Beyond the amyloid hypothesis: proteins that indicate cognitive stability

If you’re wondering where Alzheimer’s research might be headed after the latest large-scale failure of a clinical trial based on the “amyloid hypothesis,” check this Read more

Mother's milk is OK, even for the in-between babies

“Stop feeding him milk right away – just to be safe” was not what a new mother wanted to hear. The call came several days after Tamara Caspary gave birth to fraternal twins, a boy and a girl. She and husband David Katz were in the period of wonder and panic, both recovering and figuring out how to care for them. “A nurse called to ask how my son was doing,” says Caspary, a developmental Read more

Focus on mitochondria in schizophrenia research

Despite advances in genomics in recent years, schizophrenia remains one of the most complex challenges of both genetics and neuroscience. The chromosomal abnormality 22q11 deletion syndrome, also known as DiGeorge syndrome, offers a way in, since it is one of the strongest genetic risk factors for schizophrenia. Out of dozens of genes within the 22q11 deletion, several encode proteins found in mitochondria. A team of Emory scientists, led by cell biologist Victor Faundez, recently analyzed Read more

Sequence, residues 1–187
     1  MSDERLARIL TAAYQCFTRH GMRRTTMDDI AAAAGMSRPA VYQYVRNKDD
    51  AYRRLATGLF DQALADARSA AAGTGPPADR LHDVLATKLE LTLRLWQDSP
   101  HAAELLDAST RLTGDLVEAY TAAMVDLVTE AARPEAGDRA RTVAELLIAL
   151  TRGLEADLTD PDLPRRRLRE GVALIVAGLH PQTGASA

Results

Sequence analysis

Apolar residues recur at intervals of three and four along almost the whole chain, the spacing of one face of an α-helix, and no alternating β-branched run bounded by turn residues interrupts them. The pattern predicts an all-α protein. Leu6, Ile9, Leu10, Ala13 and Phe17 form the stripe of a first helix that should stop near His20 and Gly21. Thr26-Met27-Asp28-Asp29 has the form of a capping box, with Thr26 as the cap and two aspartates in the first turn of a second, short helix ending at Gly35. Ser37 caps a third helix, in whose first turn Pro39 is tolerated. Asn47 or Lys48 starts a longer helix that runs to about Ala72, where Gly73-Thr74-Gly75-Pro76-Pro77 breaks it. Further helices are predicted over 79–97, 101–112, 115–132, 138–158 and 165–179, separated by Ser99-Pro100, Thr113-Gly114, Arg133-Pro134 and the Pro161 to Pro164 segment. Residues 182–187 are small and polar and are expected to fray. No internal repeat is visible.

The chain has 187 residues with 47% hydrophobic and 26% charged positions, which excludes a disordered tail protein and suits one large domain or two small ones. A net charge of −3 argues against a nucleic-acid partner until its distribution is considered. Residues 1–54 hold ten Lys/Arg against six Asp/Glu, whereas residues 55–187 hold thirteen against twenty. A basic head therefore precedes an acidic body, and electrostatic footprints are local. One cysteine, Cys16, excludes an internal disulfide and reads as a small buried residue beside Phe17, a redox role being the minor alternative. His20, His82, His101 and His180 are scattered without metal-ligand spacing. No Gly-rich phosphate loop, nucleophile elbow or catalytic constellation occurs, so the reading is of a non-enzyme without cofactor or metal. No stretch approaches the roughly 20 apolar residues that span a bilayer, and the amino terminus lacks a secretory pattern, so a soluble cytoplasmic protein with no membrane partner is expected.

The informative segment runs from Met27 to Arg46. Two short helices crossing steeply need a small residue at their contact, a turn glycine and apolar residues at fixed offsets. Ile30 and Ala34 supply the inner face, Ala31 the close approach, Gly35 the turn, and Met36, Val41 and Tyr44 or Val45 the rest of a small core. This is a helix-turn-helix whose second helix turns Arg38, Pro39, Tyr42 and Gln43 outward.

plaque erosion

Plaque erosion: heart attacks triggered by a whimper, not a bang

Cardiologist Bob Taylor and colleagues have a new paper in PLOS One this week, looking at the biomechanical forces behind plaque erosion.

Plaque erosion is a mechanism for blood clots formation in coronary arteries that is not as well-understood as its more explosive counterpart, plaque rupture. Plaque erosion disproportionally affects women more than men and is thought to account for most heart attacks in younger women (women younger than 50).

“We believe that this work has implications for our better understanding of the underlying biology of coronary artery disease in women,” Taylor says. The first author of the paper is biomedical engineering graduate student Ian Campbell, who now has his PhD. The team collaborated with cardiovascular pathologist Renu Virmani in Maryland.

Cardiologists have well-developed ideas for how plaque rupture works*; see the concept of vulnerable plaque. Cholesterol and inflammatory cells build up in the coronary arteries over several years. At one point in a particular artery, the plaque has a core of dying inflammatory cells, covered by a fibrous cap. If the cap is thin (the patterns of blood flows near the cap influence this), there is a risk that the cap will break and the contents of the core will spill out, triggering a blood clot nearby.

Plaque erosion is more mysterious and can occur more gradually, the researchers have found. Read more

Posted on by Quinn Eastman in Heart Leave a comment